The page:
What is PAX?

The PAX (Professional Auto-X) Index has been used by SCCA and other clubs for years. It is a handicapping system that attempts to account for performance differences between car classes allowing the drivers' performances to be compared. A PAX factor is assigned to each class; the faster the class, the higher the factor. The fastest cars have a PAX factor of 1.000; other PAX factors are a percentage based on performance potential relative to the fastest cars. Each driver's actual time around the course is multiplied by their car's PAX factor to calculate their PAX time. This PAX time is also called their indexed time or factored time. PAX times can then be compared across classes.

It is impossible to come up with a PAX index that is perfect just as it is impossible to come up with a class system that is perfect. Everyone believes that someone else has a softer(i.e. easier) PAX factor.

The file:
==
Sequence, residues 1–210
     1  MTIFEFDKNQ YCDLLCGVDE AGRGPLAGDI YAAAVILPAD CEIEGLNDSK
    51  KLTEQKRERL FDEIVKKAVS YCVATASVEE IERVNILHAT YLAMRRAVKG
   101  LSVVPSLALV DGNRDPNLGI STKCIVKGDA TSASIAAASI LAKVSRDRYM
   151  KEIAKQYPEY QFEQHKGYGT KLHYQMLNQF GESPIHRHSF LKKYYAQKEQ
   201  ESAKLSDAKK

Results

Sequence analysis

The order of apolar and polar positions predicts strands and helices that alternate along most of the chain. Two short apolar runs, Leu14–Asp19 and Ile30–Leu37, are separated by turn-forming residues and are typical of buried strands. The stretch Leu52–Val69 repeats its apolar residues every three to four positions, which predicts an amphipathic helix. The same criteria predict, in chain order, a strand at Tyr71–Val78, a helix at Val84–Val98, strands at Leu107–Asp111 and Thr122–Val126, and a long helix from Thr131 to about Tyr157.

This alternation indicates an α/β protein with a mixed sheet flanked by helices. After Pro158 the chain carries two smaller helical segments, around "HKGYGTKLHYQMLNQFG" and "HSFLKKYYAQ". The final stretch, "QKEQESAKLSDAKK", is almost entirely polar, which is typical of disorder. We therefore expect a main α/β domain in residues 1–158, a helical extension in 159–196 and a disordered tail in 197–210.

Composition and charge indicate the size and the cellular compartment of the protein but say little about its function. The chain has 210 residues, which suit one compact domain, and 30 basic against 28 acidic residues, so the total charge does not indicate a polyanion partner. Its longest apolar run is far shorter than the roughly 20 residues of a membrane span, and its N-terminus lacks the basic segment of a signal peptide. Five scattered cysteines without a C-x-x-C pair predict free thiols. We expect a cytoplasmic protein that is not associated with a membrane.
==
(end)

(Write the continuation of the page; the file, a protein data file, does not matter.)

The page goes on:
What is an Indexed Class?

An indexed class is a class that combines several classes into one class and uses factored times to compare the results. We do not get enough entries to populate the individual classes so we need to combine multiple base classes. By forming indexed classes. the factored (aka indexed) times provide a more equitable comparison of the results than the raw times.

The NCR PAX Index

The NCR PAX Index is based on the PAX/RTP Index, developed by Rick Ruth, that is based on hundreds of autocross events nationwide. Some explanation of the NCR PAX and how we arrived at the numbers we use follows. First for the Production Stock, we map the class to an SCCA Street class and use the PAX factor for that class. For Strict Stock, we add a handicap of one second on a 60-second course. For the Race Tire classes, we use the PAX for whatever SCCA class that car qualifies for.